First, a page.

Now, after recent dramatic—and financially successful—seasons have showcased all-black renderings of On Golden Pond and Cat on a Hot Tin Roof, The Color Purple adaptation, Diddy’s revival of A Raisin in the Sun, David Mamet’s fiery Race, Denzel back in an August Wilson revival—producers have noticed that when black faces appear on Broadway, black wallets seem to open up for them.

And perhaps that’s why there’s news about Samuel L. Jackson and Halle Berry bringing their Hollywood stardom to Broadway (like Denzel and Julia and Hugh and Nicole before them) in a production of Katori Hall’s celebrated new play The Mountaintop next season. There are also rumors abounding that Will Smith and Jada Pinkett Smith may be coming to Broadway as Stanley and Stella in an Emily Mann-directed (!) revivial of A Streetcar Named Desire, produced by Stephen Byrd, who also produced the Cat on a Hot Tin Roof revival with James Earl Jones and Terrence Howard and Anika Noni Rose a coupla seasons back. (I’d argue that Nicki Micheaux might make a more grounded and nuanced Stella, but that’s just me.) And I really wonder who they’d cast as Blanche DuBois…any suggestions? (Angela Bassett? Viola Davis? Audra McDonald?) All this news comes on the heels of the announcement that James Earl Jones will join Vanessa Redgrave in the upcoming Broadway production of Driving Miss Daisy (its first Broadway production!) And people are saying that Patti LaBelle may step into the shoes of Tony nominee Liliias White as Fela’s mother when White takes a break to tour her own show. Suzan-Lori Parks is also the book writer of an upcoming new Broadway musical detailing the life and times of superstar Ray Charles.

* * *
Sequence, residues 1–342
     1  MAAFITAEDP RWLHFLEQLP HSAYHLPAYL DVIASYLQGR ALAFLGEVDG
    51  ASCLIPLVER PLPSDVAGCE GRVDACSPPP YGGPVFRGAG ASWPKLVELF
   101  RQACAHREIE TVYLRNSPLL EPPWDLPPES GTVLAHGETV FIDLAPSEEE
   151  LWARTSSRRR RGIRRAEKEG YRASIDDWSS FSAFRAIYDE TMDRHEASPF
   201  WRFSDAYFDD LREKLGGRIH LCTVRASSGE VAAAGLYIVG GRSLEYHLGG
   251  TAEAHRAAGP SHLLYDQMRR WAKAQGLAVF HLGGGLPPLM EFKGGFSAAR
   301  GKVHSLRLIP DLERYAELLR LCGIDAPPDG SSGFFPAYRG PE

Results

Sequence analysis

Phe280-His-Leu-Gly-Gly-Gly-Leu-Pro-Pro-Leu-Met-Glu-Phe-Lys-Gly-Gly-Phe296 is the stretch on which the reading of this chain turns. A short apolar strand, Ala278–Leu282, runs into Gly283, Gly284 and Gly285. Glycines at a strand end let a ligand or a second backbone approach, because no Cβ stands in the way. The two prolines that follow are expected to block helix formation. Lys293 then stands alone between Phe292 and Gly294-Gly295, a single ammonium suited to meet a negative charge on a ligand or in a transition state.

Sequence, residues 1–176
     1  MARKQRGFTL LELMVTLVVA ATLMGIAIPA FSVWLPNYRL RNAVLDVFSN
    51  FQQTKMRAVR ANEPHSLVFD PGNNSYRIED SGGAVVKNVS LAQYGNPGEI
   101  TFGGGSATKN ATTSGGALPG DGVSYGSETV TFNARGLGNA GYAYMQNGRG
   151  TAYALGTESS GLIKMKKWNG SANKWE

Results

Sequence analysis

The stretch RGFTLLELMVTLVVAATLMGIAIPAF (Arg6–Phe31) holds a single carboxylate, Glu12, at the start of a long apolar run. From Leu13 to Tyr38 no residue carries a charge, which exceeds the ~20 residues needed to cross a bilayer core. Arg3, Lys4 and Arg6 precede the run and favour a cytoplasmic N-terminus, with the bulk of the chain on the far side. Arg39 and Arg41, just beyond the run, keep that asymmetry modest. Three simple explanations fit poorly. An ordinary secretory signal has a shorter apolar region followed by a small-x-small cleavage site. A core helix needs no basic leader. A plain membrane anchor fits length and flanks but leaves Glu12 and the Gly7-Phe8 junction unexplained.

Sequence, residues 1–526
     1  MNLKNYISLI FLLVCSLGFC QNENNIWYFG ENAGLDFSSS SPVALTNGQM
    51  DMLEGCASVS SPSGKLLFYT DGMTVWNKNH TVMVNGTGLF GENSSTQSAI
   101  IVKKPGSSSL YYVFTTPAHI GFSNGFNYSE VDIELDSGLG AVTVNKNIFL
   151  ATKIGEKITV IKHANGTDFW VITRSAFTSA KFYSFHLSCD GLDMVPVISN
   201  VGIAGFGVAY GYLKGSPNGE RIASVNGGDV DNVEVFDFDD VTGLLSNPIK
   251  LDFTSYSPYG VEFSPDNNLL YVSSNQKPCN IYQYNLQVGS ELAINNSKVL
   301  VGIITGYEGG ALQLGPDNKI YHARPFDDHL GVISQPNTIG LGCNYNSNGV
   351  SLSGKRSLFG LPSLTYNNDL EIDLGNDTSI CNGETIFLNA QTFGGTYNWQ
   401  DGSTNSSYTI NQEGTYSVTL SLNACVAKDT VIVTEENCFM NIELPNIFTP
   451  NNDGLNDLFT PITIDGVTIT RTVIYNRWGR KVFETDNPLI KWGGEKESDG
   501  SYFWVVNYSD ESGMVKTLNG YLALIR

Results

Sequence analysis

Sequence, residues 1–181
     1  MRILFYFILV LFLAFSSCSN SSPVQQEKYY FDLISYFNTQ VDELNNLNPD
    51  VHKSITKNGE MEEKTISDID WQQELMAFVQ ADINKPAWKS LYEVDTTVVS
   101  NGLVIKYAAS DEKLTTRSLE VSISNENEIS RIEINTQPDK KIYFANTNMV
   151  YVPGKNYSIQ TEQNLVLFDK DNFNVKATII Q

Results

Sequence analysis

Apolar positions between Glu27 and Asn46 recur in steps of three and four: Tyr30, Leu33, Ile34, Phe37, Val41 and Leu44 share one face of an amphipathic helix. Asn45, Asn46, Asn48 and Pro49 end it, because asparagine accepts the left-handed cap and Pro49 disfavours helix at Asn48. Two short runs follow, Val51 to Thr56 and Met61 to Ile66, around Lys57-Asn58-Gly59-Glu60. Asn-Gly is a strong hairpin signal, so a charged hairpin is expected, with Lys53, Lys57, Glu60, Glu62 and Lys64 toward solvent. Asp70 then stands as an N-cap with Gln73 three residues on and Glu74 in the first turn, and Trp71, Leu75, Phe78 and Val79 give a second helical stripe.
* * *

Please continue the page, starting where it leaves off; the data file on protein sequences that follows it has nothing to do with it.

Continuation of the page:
Black may be beautiful but apparently it’s pretty profitable too.

Playbill.com has more info about Will and Jada’s Streetcar, Patti LaBelle or Halle and Samuel L.